2 years ago for day 11, 2019 with 372 words.


This evening while I was mindlessly scrolling through Instagram, I came across a video by one of my favorite comedians on Instagram, @jayversace. Between expletives and his trademark hilarious, effusive gestures and facial expressions, he explains his frustration with people constantly asking what's next for him.

I don't fucking know, do I look like a damn fortune teller? ...Worry about what I motherfucking did in the past, the shit I accomplished, the trials and tribulations I done gone through, the battles and wars...

Even without the context of his popularity, it's easy to understand where Jay is coming from. Jay originally rose to popularity with his dance videos on Vine and impersonations on YouTube, and has since continued to grow his following, signing deals with brands like Reebok, who sought to capitalize on his 90s aesthetic and target his predominately millennial fanbase.

While his rant is delivered in comedic fashion, there's a great deal of seriousness to it. Growing up in the spotlight is hard enough, and especially in the internet age, where the expectation of instant gratification is not only common but encouraged, the need to succeed is no longer an intrinsic motivation, but a relentless, extrinsic demand. With insatiable fans just a tweet or comment away, it's easy to drown in a sea of expectations. Jay's video, like so many videos from social media stars before him, gives voice to millennial burnout.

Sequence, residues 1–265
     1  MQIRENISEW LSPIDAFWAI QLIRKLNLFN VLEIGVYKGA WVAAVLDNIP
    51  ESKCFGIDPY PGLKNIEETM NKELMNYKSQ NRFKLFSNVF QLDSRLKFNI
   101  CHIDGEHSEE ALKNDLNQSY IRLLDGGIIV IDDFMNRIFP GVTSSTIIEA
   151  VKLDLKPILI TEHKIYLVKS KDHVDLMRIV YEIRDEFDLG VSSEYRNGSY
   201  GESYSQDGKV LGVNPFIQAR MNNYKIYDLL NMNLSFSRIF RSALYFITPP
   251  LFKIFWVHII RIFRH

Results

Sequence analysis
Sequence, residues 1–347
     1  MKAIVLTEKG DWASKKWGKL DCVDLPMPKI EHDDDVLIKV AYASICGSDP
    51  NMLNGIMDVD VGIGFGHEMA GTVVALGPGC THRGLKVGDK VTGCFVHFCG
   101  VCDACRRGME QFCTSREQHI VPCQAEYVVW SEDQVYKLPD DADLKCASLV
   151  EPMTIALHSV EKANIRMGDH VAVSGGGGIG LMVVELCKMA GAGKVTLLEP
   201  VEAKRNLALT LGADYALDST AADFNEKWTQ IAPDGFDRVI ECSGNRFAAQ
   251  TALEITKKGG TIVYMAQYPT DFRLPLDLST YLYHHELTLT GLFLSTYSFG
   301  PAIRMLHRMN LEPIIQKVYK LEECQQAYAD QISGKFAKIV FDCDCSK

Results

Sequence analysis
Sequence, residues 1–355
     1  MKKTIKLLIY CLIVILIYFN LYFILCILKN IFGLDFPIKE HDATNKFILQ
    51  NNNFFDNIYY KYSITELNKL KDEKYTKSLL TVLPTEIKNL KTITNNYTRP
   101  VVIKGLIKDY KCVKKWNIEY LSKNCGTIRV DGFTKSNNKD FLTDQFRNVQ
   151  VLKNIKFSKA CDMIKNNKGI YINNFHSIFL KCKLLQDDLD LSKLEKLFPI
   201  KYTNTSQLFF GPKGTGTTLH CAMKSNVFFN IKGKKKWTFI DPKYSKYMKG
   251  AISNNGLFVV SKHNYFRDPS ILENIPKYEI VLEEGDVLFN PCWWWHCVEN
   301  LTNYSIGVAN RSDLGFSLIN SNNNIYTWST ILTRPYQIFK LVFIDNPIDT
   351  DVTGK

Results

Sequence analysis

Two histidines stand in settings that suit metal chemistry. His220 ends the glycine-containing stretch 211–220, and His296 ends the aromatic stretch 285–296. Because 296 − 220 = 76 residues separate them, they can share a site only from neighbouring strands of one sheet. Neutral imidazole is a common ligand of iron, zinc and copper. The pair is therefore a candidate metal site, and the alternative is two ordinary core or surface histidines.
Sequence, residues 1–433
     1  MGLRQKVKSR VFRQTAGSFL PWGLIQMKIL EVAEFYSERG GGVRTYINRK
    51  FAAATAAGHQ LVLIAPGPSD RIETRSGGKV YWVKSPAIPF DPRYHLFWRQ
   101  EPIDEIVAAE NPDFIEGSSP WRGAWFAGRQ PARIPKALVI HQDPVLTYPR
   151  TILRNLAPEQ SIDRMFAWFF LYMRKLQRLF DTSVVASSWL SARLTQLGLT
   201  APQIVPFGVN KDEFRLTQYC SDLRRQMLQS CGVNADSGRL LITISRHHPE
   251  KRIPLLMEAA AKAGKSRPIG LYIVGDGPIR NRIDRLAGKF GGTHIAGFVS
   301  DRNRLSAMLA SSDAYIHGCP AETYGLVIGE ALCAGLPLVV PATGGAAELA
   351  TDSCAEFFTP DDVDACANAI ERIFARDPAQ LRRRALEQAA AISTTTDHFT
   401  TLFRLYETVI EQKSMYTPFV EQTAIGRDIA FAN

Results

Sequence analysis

When Anne Helen Petersen wrote her Buzzfeed article on "How Millenials Became the Burnout Generation," I saw the post shared in every one of my social circles. There was a general sense of relief that someone had finally spoken to something we've all felt for so long, without the usual criticism. It's wonderful to see people starting to talk about this at all stretches, but I wonder, will this bring any change?

For all our talk of self care and boundaries, there seems to be no end in sight. We hop off the hedonic treadmill of hustle for a short while, only to come back for another marathon. Hell, I'm already gearing up for my next race. What a world to live in, to consume and be consumed, and never feel full.


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By Asia

Writing to wrest my life from worry and woe.

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